The Electrical Contractor Network

ECN Electrical Forum
Discussion Forums for Electricians, Inspectors and Related Professionals

Books, Tools and Test Equipment for Electrical and Construction Trades

Register Now!

Register Now!

We want your input!

Featured:
   

2017 NEC and Related
2017 NEC
Now Available!

   
Recent Posts
Calling all Non-US members!! (Non-US only)
by aussie240
Today at 02:39 AM
Photo Upload Tutorial
by DanK
Yesterday at 11:35 PM
Sprinklered equipment 26-008
by bigpapa
12/02/16 04:24 PM
On Delay Relay with Auto Reset
by Potseal
12/01/16 09:59 AM
Wow, that was close!
by jraef
11/28/16 07:06 PM
New in the Gallery:
12.5A through 0.75mm² flex (just out of curiosity)
Shout Box

Top Posters (30 Days)
gfretwell 13
HotLine1 9
Texas_Ranger 8
sparkyinak 7
Trumpy 6
Who's Online
2 registered (LongRunner, Tjia1981), 178 Guests and 5 Spiders online.
Key: Admin, Global Mod, Mod
Topic Options
Rate This Topic
#129105 - 07/29/04 12:21 PM Harmonics and transmission lines (overhead vs. underground)
sabrown Offline
Member

Registered: 12/12/02
Posts: 297
Loc: Ogden, Utah, USA
I am need of help in giving direction to others on a project where a 29.4kv 600 amp transmission is feeding variable frequency drives (VFD) over unknown (by me) mileage (an oil field). As the main load are these VFD which are poor quality, they generate a large amount of harmonics.

General direction (assumed Federal policy on public lands) requires lines under 33kv to be buried.

I have read in an IEEE article about how the harmonics cause premature failure mostly due to additive voltages, but also affected by the slope of the wave and my questions are as follows:

Is anyone aware of such a Federal policy on Federal lands?

What effect would harmonic filters have on the transmission line?

Based on some info given me the peak voltage due to harmonics on a test was about 75% above normal, would design based on 200%*1.25 insulation be adequate?

Will this effect continue to increase over larger and larger distances?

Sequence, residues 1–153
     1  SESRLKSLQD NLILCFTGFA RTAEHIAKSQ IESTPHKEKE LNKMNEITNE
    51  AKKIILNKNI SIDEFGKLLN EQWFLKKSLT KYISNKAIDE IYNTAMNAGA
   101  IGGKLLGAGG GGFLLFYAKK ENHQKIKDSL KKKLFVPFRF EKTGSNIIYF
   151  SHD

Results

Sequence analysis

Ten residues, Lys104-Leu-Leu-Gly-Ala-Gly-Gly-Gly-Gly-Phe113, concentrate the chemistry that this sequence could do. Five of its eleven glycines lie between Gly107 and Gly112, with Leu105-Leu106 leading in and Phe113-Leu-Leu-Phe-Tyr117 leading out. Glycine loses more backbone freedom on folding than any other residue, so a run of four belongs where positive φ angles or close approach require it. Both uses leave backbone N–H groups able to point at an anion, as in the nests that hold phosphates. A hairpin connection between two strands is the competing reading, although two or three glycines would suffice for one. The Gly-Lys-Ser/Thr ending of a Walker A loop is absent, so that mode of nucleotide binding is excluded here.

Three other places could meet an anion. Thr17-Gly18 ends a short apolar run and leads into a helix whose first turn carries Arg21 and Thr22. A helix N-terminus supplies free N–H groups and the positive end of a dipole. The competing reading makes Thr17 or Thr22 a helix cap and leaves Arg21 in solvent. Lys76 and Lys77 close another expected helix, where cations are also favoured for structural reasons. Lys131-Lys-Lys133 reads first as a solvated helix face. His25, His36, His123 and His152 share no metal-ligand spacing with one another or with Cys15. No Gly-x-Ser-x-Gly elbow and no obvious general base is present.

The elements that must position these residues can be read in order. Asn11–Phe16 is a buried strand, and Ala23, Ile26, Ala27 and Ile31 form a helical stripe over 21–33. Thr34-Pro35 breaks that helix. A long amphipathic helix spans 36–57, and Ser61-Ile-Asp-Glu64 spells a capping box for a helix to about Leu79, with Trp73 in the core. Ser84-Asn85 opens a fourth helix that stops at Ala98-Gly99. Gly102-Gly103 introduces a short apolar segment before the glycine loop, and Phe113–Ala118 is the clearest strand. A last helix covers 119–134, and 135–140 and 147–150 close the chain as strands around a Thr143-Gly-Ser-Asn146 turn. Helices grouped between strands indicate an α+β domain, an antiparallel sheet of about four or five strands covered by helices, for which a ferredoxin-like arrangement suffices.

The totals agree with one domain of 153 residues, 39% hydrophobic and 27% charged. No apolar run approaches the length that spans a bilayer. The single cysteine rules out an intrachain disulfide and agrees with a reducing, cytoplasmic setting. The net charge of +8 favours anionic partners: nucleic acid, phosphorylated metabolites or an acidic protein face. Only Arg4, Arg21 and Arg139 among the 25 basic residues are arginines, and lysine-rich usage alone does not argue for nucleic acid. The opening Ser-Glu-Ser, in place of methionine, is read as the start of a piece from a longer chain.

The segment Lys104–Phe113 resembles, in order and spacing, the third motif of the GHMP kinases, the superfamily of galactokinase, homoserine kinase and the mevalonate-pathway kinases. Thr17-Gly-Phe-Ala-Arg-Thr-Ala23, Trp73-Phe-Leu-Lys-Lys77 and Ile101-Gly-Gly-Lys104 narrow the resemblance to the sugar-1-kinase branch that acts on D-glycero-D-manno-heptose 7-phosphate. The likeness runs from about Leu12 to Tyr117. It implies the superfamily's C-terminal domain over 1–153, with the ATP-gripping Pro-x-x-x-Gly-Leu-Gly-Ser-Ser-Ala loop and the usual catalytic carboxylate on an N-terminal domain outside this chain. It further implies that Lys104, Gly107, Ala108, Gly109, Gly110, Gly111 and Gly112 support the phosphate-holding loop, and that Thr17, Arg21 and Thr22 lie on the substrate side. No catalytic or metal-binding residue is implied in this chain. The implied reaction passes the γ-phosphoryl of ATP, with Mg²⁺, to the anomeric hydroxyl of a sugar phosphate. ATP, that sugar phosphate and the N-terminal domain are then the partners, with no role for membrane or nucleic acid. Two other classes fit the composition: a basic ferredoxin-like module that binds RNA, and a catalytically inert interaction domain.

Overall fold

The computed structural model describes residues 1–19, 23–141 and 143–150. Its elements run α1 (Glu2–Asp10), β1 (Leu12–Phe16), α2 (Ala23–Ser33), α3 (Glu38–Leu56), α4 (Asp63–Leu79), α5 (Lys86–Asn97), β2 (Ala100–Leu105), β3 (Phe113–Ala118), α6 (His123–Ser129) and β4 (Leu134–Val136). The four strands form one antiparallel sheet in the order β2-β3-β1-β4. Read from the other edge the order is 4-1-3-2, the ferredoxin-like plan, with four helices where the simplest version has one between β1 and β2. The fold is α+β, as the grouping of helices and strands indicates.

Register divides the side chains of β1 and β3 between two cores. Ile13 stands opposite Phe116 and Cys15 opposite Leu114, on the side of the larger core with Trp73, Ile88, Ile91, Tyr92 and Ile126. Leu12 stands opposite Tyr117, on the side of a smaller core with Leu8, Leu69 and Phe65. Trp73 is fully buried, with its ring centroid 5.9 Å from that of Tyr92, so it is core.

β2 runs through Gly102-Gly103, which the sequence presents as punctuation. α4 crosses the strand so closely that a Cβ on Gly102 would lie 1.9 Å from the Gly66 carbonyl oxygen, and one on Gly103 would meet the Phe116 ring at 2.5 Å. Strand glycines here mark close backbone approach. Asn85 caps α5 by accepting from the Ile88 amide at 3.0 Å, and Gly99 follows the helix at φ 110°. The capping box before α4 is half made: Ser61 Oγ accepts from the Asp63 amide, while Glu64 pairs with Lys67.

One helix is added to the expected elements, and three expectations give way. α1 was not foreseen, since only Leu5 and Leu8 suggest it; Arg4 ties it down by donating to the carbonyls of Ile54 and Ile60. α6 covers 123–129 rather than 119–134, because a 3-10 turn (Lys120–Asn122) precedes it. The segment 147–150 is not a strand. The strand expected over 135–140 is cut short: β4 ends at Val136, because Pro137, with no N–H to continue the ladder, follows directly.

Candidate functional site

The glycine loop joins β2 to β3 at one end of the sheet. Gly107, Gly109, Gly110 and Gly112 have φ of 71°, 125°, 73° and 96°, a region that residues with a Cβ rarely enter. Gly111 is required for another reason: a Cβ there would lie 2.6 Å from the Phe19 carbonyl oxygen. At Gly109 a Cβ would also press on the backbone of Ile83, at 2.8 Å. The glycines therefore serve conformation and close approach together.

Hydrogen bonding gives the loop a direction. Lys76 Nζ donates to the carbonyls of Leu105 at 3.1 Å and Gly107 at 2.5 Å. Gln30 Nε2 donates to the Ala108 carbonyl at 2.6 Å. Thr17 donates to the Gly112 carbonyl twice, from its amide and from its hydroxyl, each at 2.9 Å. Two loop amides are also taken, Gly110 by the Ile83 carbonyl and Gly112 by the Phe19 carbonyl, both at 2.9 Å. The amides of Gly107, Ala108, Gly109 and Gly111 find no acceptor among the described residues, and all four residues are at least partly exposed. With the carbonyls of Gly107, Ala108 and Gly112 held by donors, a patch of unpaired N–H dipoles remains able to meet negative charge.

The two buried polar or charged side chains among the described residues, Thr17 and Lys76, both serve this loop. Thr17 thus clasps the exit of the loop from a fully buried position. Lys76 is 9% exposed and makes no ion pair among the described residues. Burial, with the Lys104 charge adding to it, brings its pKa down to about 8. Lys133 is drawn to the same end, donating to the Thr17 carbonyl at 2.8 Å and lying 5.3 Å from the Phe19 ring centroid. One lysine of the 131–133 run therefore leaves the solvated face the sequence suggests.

What ball park effect on the total cost per mileage be?

My stake in this is 3rd party, based on questions posed by fellow engineer, asking him if it is reasonable to waive the burial requirement. I could only give a minimalistic opinion as it is outside my expertise. I will be passing the answers on as a courtesy which would be weighed against asthetic issues.

Thanks,
Shane

Top
#129106 - 07/29/04 02:42 PM Re: Harmonics and transmission lines (overhead vs. underground)
Bjarney Offline
Moderator

Registered: 04/10/02
Posts: 2561
Loc: West-Southern Inner-Northeast ...
A few very general observations/opinions…
  • Unlike low-voltage systems, a limiting factor is usually voltage drop and not cable thermal capacity
  • Source characteristics — Usually 600 amperes is the limit for an entire/single MV distribution feeder. 600 amps is equivalent to ~29,000hp
  • Regarding drive front ends — Will they have 6-, 12-, 18- or 24 pulse rectification? You can look at harmonic mitigation from a purely economic standpoint.
  • UG versus OH cable characteristics {and losses} make them respond differently to harmonics.
  • Will there be any foreseeable loads in addition to VFDs/motors
  • Suggest that a distribution engineer experienced in industrial applications be retained to conduct loadflow studies for various line arrangements/loads.





[This message has been edited by Bjarney (edited 07-29-2004).]

Top
#129107 - 07/30/04 06:42 AM Re: Harmonics and transmission lines (overhead vs. underground)
sabrown Offline
Member

Registered: 12/12/02
Posts: 297
Loc: Ogden, Utah, USA
Thankyou for your reply.

My fellow engineer is basically the regulatory agency and has the ability to tell the power company underground or no permit. He is operating from limited information and my understanding is that this line will be feeding several locations all involving oil, gas, or coal producing facilities.